The Children of King Edward Imprisoned in the Tower - Paul Delaroche
The Children of King Edward Imprisoned in the Tower - Paul Delaroche

I grew up being the “bright girl”  the smart one in my class, the one with the high test scores.  Gifted and Talented education was just coming along when I was in school and I was plucked into it immediately.   So I was quickly surrounded by people telling me how great I was for being smart.  I really wanted to believe them.   I wanted to be special.  It didn’t take long to internalize the values of the people around and I found that I began judging people around me much more on how intelligent I perceived them to be than on the type of person they were.

Now intelligence is a wretched thing to judge people on.  It is every bit as superficial a judgment as beauty.   Judging someone on their education (as Stephan Fowler was) is like judging someone on their appearance.  Beauty and intelligence are both God given blessings which we have absolutely no control over.  Appearance and education are a extension of those respective gifts improved through opportunities we pursue, the environment we are raised in and the personal habits we develop.    But neither appearance nor education is a indication of a meritorious character and they most certainly are not the summa of a person’s worth.

It is seductively easy to judge people on the things we feel that we ourselves possess and even easier to judge people on those things we feel are important but secretly fear that we lack.   If we ourselves are not good enough, at least we are better than those folks.  But that is pride, and it kills love.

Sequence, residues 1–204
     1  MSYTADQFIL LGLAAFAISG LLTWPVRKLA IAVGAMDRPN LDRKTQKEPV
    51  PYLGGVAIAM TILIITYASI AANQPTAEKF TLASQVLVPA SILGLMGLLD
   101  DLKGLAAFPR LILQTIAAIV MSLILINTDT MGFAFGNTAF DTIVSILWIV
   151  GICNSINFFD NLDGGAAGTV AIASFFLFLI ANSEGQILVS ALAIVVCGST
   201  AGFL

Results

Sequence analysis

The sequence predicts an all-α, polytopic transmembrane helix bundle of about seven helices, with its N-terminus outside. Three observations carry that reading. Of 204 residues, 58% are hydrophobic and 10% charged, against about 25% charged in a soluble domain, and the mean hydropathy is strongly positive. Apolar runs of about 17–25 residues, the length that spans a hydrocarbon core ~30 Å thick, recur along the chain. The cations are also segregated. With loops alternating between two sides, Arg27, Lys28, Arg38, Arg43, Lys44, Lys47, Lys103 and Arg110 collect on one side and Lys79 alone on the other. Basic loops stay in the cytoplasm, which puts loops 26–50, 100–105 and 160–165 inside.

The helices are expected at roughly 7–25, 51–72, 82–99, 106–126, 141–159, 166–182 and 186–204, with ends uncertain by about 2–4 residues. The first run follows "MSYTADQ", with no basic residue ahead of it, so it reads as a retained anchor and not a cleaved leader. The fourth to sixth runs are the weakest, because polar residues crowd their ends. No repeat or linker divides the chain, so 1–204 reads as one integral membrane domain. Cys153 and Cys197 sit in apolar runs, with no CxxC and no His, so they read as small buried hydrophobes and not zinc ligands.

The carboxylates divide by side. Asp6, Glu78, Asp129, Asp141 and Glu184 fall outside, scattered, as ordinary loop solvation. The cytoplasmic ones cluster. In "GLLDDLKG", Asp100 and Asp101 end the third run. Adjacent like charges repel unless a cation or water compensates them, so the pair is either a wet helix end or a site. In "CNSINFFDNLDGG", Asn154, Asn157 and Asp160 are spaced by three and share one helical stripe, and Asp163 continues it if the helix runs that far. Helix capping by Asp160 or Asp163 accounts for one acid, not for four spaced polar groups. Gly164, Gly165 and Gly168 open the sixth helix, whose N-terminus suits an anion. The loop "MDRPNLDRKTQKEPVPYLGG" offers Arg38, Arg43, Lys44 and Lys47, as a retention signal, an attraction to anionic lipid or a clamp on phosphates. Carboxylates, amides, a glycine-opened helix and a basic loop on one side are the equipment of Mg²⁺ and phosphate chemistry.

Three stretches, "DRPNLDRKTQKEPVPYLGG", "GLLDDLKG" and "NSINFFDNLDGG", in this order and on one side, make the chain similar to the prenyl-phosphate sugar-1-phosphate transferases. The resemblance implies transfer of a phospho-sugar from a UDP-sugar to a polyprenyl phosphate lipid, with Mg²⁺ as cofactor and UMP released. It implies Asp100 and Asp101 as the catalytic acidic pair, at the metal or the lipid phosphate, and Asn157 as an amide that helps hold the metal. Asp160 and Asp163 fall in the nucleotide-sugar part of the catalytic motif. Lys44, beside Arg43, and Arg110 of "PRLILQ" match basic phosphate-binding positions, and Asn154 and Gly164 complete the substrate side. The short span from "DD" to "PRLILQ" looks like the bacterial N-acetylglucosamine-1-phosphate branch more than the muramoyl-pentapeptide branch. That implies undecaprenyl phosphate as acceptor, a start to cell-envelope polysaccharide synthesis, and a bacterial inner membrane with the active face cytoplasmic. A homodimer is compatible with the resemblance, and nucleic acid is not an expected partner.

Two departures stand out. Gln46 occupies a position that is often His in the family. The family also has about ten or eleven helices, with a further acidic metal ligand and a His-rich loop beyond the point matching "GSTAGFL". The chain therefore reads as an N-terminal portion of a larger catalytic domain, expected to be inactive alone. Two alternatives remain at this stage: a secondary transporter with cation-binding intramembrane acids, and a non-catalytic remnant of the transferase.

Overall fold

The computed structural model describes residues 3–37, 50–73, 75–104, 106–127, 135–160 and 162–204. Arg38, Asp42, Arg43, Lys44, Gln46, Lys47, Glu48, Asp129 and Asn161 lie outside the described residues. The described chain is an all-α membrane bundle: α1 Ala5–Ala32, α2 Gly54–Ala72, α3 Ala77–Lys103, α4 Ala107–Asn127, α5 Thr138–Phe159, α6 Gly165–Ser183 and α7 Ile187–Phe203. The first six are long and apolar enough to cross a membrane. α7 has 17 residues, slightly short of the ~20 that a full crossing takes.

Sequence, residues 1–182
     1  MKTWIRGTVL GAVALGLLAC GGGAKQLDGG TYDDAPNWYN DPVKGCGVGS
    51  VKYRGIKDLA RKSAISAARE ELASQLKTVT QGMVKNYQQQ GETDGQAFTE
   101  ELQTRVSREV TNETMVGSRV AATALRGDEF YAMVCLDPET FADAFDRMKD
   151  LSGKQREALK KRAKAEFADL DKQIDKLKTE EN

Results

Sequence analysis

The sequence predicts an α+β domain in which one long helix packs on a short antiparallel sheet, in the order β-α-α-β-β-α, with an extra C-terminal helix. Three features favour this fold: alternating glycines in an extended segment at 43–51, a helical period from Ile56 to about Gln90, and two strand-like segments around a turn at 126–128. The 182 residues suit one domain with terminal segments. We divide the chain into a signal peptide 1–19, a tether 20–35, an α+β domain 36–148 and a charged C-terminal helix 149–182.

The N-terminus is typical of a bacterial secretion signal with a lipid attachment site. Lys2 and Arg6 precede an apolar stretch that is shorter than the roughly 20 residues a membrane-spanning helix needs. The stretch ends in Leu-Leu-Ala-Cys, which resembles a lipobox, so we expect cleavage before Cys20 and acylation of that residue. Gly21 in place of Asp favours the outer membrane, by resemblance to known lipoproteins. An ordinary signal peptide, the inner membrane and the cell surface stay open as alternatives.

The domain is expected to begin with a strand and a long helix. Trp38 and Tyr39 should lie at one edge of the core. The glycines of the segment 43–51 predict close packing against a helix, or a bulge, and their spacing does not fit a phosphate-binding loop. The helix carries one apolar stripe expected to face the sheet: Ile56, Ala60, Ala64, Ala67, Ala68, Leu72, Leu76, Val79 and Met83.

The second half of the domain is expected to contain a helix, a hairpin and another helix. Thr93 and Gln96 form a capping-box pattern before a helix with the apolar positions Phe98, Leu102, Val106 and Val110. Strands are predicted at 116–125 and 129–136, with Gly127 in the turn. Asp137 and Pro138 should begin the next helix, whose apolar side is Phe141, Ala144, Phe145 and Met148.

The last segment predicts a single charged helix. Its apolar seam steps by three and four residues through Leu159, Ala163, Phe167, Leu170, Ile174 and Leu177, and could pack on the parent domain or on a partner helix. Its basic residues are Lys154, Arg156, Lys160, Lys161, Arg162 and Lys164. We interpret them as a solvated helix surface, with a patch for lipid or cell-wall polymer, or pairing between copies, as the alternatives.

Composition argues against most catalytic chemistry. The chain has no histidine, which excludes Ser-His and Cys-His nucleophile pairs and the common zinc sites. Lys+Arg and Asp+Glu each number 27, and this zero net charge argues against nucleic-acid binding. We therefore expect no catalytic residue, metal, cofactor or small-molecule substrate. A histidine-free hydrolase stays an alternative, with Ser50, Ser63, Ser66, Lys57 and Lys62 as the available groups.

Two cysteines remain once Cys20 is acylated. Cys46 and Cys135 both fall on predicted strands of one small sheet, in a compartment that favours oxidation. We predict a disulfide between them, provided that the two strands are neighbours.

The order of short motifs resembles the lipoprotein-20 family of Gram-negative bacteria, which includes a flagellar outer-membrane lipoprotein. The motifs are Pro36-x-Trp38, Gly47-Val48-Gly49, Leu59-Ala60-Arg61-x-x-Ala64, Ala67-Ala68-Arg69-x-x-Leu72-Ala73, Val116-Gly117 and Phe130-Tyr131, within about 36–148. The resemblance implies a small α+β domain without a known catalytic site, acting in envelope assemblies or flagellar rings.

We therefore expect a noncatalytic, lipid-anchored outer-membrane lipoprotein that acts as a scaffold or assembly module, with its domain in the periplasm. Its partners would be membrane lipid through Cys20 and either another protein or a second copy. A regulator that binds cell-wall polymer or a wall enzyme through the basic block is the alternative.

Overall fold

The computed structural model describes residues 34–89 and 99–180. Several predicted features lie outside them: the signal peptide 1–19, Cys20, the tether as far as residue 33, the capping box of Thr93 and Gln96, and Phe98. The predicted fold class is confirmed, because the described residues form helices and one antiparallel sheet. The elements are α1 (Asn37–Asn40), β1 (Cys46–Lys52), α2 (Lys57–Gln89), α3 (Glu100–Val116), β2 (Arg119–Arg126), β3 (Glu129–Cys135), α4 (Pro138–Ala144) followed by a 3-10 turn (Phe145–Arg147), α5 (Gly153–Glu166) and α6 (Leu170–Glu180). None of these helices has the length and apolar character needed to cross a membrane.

The thing in my life that shook me out of this was having to come to terms with Rachel’s autism.  I was coasting through life thinking that smart was better.  I didn’t see the danger of this utilitarian thinking.  I didn’t realise how fast life could change and how difficult it can be at times.  When Rachel was diagnosed I remember being told by a rather wise education specialist, “She is still the same littler girl that she was yesterday”.  This was true.  I still loved my daughter just as passionately, I wanted the best for her, I knew her worth despite the reality that she wasn’t capable of expressing her intelligence.  She was still worthwhile and I still loved her.

This cracked and ruined my neat little world view of how people should be valued.  It fixed it and it healed me.  While I wouldn’t ever wish such a painful lesson on anyone I wish that we could help fix our world so that love and an understanding of the intrinsic worth of each individual could get a better foothold in the public discourse and that the “culture of life” could have better purchase against the current culture that determines the worth of each of us as a function of our utility to society.

*I originally has his name as Stephan Fowler, the correct seems to be Stephen Fowler.


7 Quick takes with Jen

Ok, so it isn’t Friday, it is Saturday, but I really enjoyed doing this the last time I did it, but I keep forgetting it until Saturday.  Jen at Conversion Diary is the master of the day.  Here are my seven thoughts.


I keep thinking that we really, really need to pray for the president.  A change of hear is possible for anyone.  Maybe with prayer Pre Obama’s heart will be soften toward the unborn.   On the other hand I want to ask those Catholic people I know who were expressing before the election how this one issue shouldn’t count so heavily, “Why didn’t you listen?” .  Obama wasted no time undoing the Mexico City Policy and there is no reason to think he won’t do exactly what he promised Planned Parenthood he would do.


I laugh: “Liturgical dancing makes Baby Jesus cry… and my eyes bleed.”  Too funny.


I miss Kyle when he travels.


Go carts are a lot of fun.


Going to bed later and later and getting up at the same time in the morning isn’t working out that well.


The white carpet must go.


I will be posting more on the communion dress project tomorrow.

Reflections on the Day

Reflections on the Day – February 5, 2008


Reflections on the Day for February 5, 2008.
The clouds moved back in today.  It is cold and damp feeling.

Plans for tomorrow – Little Flowers then lunch with a friend.  The day is basically gone at that point.